Awoke this morning to the lingering scent of burning pumpkin. Outside, the street was black and shiny with rain; the sky was black and shiny with stars, Orion’s belt among them. Overhead, a perfect half moon persisted, even as dawn brought light to the sky.
Ran into my neighbor Andy on my walk, but we couldn’t chat long because he was being pulled along by his daughter’s dog, which was rarin’ to go — much the same way the state Legislature was pulled along by Gov. Lingle and the Superferry, both rarin’ to go.
Now that the Legislature has passed the bill that allows the ferry to run, all that remains is for the governor to come up with some operating conditions. Within two weeks, the ferry could be ready to sail.
That’s worrisome enough for many Neighbor Islanders. But even more disturbing for the state as a whole is what will be left in Superferry’s wake.
I was troubled to read that a number of Senators had deep reservations about going into special session to pay off what is essentially a gambling debt incurred by Lingle and Superferry investors, but they went along with the bailout bill because so many people want the ferry.
And that’s precisely what’s so insidious and distressing about this whole Superferry scenario. Yes, politicians are supposed to be responsive to their constituents, but the reason we follow the rule of law is to avoid mob rule.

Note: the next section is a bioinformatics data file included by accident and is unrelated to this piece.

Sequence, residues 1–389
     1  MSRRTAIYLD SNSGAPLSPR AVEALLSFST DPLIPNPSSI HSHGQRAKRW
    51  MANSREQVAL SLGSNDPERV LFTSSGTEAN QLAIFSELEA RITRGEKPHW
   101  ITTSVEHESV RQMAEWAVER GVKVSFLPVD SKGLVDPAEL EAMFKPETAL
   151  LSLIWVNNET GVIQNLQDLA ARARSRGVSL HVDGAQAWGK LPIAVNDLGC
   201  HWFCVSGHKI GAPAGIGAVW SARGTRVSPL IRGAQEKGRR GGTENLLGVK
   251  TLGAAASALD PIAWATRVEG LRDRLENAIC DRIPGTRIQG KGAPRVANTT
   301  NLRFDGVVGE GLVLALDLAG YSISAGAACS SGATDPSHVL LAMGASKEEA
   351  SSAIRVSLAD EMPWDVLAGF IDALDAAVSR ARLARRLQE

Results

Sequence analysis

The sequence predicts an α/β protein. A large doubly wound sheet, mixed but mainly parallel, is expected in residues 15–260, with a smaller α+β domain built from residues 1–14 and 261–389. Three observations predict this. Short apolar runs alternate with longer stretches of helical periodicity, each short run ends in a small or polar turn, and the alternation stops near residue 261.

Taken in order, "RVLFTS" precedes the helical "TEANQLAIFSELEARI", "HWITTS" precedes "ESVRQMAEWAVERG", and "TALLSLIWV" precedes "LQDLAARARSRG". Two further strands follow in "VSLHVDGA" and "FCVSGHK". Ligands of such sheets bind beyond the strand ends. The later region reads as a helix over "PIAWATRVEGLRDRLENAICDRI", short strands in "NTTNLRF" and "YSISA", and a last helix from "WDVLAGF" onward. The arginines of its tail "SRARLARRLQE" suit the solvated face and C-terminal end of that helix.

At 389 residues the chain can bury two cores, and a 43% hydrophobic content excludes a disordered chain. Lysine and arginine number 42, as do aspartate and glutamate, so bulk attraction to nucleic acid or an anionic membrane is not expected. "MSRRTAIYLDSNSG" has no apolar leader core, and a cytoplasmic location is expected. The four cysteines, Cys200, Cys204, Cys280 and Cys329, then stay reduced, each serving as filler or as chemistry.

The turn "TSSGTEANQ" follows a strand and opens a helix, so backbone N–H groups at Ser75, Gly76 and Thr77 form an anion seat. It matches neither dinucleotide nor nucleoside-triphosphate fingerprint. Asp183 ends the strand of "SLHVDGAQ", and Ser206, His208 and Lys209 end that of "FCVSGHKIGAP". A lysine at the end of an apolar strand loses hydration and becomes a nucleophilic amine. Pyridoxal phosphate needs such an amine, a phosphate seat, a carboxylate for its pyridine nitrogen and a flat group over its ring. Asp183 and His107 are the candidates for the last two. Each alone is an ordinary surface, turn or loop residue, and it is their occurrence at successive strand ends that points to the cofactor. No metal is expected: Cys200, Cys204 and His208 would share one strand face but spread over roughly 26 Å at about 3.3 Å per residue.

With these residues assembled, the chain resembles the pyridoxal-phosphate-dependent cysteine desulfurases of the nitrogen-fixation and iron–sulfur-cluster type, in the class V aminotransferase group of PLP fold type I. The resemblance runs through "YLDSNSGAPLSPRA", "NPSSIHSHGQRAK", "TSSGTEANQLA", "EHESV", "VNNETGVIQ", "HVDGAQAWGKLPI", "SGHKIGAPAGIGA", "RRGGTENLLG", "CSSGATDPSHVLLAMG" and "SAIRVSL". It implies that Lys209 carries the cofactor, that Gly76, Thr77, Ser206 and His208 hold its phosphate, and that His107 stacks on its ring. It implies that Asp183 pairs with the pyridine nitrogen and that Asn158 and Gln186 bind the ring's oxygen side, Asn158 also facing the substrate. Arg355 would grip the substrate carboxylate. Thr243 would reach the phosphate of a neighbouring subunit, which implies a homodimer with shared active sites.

In the case of the Superferry, the Hawaii Supreme Court ruled an environmental assessment was needed before the vessel could operate. That’s the interpretation of state law handed down by an impartial panel of judges appointed to provide precisely that service.
The danger arises when someone like the governor decides she doesn’t like that ruling and then sets out to achieve a different outcome, supported by a crowd whose opinion has been formed by a slick, misleading, corporate-funded PR campaign and media coverage that is skewed and largely superficial.
The result is essentially mob rule, even if it’s executed under the seeming civility of legislative proceedings, and an emasculation of a court system whose purpose is to avoid precisely this sort of public hysteria and political favoritism.
I urge you to read this commentary by Chief Justice Ronald T.Y. Moon, which eloquently expresses the value of maintaining and respecting an independent judiciary, using the infamous “Massie Case” as an example.
A few lawmakers got it, and they voted no. Others apparently got it, but went ahead and voted ye with angst. A majority, however, appear to be clueless about what’s really at stake here.
While much has been made about the environmental implications of allowing the ferry to run without a legally mandated review, and the social divisions created by the controversy, the crux of the issue is the blatant disregard for the rule and process of law.
We’ve already seen this happening at the federal level, and now our Republican governor, with the support of a weak and malleable Legislature, has brought it home to Hawaii.
And that’s something that won’t be fixed by advisory task forces, incidental take permits, vehicle inspections or an EIS.